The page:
Wow, this is fantastic! I have always used Echinacea in the winter, and just started using tincture of elderberry, which by the way, worked wonders for warding off nagging cough symptoms. I have an elderberry bush and wonder what/how can I turn them into powder to make this?
You should be able to just dry them in an oven or dehydrator, then crush them into powder with a mortar and pestle or maybe a food processor.
Read up on elderberries to be sure you have the correct species first. 🙂
I love this! Thanks so much for sharing!! I am going to make these this week with all the colds going around lately.
This is great! I made an elderberry/echinacea syrup that we have been using and LOVING! This however is more portable and would be good to keep in my office desk and take with us when traveling. It’s also great to have a couple things you can take to boost your fight when it’s first coming on. Thanks for sharing!
I was thinking to mix with turmeric and pepper, you know curcumin and piperine. Piperine increase curcumin absorption to blood stream and those both are good for flu and also we who has rheumatism (and flu makes rheumatism even worst) eases the flu symptoms. This idea I got from ayurvedic flu medicine drink with milk, turmeric, honey and some pepper to ease flu. I took that medicine drink to my daily use as mixed with chai tea latte, prefer non-dairy milk because it inhibits some good stuff from tea, coconut or other vegetable milk is better.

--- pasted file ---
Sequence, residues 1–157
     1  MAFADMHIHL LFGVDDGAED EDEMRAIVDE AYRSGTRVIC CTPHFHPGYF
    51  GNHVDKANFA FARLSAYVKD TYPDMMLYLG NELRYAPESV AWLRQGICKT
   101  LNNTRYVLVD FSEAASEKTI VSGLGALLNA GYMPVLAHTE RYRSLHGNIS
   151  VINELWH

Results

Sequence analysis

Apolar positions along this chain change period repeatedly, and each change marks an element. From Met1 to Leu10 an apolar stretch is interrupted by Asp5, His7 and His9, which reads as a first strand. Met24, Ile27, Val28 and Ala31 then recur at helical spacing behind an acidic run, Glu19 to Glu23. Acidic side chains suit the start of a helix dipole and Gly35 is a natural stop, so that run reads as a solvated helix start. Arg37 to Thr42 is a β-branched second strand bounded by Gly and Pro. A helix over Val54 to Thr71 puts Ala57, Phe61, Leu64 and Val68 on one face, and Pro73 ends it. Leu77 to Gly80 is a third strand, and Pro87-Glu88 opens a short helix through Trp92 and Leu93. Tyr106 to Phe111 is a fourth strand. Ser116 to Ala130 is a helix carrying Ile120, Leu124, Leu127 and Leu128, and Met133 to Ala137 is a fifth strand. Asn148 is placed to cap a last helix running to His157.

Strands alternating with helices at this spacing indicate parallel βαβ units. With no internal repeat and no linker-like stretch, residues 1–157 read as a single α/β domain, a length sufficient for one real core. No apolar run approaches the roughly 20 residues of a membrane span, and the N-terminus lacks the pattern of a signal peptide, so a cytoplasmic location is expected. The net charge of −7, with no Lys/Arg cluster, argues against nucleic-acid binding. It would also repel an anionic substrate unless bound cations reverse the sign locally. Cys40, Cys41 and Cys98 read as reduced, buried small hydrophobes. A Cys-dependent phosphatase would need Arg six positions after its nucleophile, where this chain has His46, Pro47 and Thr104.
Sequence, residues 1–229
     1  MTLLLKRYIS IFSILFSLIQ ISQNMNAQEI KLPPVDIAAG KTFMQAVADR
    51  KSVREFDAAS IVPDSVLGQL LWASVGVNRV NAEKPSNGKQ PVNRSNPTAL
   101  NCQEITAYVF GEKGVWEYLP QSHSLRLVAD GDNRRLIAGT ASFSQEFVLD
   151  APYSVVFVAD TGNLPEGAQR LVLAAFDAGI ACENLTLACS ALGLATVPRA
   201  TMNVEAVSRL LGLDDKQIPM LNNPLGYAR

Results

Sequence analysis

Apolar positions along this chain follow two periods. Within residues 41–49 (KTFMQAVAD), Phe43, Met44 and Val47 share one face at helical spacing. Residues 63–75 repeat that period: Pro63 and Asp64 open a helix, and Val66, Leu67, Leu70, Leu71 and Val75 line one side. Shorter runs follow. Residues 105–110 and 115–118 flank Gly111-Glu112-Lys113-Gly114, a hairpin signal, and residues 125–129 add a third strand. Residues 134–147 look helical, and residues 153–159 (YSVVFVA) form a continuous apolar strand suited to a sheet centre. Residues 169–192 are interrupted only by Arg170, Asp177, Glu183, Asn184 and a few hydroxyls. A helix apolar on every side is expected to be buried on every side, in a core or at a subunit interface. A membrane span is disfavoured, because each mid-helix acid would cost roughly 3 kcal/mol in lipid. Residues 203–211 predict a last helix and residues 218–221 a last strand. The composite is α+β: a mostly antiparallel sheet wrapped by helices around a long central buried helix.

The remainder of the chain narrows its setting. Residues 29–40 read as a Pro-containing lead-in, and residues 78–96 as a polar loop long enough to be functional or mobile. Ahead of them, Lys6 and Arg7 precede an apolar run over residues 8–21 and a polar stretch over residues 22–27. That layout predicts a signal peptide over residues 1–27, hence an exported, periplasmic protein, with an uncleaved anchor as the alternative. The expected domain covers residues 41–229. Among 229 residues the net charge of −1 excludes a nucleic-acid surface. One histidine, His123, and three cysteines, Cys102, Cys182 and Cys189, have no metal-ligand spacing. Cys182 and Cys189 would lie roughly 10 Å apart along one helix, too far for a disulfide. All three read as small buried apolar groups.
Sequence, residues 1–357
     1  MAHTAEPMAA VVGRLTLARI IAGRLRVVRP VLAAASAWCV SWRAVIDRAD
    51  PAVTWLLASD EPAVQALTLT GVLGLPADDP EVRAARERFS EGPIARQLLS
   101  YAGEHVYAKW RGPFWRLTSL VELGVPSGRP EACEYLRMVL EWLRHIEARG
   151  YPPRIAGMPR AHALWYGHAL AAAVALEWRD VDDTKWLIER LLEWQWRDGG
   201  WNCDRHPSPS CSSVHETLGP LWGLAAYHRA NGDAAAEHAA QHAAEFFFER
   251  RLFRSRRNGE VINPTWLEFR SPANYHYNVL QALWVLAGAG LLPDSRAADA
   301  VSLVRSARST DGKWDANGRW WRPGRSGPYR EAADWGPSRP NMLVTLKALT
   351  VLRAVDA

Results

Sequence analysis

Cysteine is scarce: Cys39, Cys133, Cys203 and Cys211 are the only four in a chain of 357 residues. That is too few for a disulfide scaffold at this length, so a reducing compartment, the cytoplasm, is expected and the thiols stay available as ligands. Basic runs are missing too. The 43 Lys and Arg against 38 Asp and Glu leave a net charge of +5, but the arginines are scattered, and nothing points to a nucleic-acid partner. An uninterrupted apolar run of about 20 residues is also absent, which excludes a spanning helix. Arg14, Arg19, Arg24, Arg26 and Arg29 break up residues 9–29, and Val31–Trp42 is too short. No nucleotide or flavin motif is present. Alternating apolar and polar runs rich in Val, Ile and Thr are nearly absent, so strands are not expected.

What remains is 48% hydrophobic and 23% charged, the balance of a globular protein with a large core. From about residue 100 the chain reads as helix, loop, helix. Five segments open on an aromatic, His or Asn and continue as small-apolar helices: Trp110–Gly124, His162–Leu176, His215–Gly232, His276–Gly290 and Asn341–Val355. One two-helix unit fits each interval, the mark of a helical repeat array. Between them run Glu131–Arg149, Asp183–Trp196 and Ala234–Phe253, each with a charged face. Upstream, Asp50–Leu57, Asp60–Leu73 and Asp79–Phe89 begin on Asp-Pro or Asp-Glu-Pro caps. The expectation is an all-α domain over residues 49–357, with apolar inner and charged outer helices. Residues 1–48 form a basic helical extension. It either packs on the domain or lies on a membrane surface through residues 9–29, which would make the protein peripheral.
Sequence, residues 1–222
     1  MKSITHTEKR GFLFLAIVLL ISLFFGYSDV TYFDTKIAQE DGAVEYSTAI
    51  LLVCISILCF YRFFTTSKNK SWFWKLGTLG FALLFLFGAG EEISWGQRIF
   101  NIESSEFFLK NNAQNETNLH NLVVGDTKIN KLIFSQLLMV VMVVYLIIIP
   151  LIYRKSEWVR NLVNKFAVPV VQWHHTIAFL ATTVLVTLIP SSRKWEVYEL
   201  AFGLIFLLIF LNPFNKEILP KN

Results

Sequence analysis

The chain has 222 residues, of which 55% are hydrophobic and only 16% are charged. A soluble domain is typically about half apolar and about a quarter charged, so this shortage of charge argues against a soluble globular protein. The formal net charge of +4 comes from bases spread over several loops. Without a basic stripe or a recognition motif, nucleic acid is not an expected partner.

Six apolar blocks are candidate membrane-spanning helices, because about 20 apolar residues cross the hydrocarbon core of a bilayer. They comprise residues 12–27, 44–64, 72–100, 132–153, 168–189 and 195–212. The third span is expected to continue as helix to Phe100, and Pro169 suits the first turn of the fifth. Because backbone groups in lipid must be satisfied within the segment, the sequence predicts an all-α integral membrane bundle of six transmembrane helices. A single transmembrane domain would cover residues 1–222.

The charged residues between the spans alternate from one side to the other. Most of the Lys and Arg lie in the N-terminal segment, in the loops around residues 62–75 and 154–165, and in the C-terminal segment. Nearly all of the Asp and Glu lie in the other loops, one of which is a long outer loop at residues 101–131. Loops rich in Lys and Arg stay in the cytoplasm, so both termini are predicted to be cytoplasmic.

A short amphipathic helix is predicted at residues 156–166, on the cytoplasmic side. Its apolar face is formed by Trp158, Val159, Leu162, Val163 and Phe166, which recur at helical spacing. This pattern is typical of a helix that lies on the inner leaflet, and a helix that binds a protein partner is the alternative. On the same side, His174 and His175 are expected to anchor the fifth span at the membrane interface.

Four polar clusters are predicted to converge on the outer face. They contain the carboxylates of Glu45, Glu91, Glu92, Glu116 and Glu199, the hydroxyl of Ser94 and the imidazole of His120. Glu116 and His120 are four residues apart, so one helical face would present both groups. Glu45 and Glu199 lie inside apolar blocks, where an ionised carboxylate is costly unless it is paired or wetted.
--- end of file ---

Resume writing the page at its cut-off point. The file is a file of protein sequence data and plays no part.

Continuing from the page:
And I love your ideas!
I make an elderberry-echinacea-cinnamon-honey syrup for colds, coughs, and flus. And teas, and herbal remedies, etc…
I have a Capsule Machine and we’ve made garlic, turmeric, triphala, and other capsules. It is so easy and so much more economical than store-bought capsules!!!!
BTW, I loved Rosemary’s book so much when I borrowed it from the library that I purchased it myself. Now I feel the urge to check out Phillip’s book…. Thank you for all your time and effort in sharing your resources and ideas!!!!
Do you think you could put them in the freezer to extend the life so you don’t have to make them every 6 months?
E. Stone says
What happened to your Etsy shop?
I am really enjoying getting into this now. With the fall coming and cold settling in I am wanting to fight off the flu anyway I can naturally. Being pneumonia prone with Asthma (years of Dr care has not helped me, just gotten worse) I am studying into doing it all natural this year. We have made and been taking elderberry syrup (Thanks Andrea for recipe) Now I want to get this to begin. Looking for herbs that are great for respiratory issues.
Any advice on how to dry rosehips?
Is Thyme leaf and flower powder all one thing? Having trouble finding it.
Thank you so much for this recipe. I’ve been meaning to try it for some time and just now got around to it…well, at least we’ll be prepared if we get one of those pesky summer colds. Just wanted to mention that I tried it with 2 Tbsp of each of the top two ingredients, 1 Tbsp thyme, and 1.5 tsp cayenne pepper and it yielded approx. 60 capsules, in case anyone else is curious about yields like I was. Thanks again, Andrea!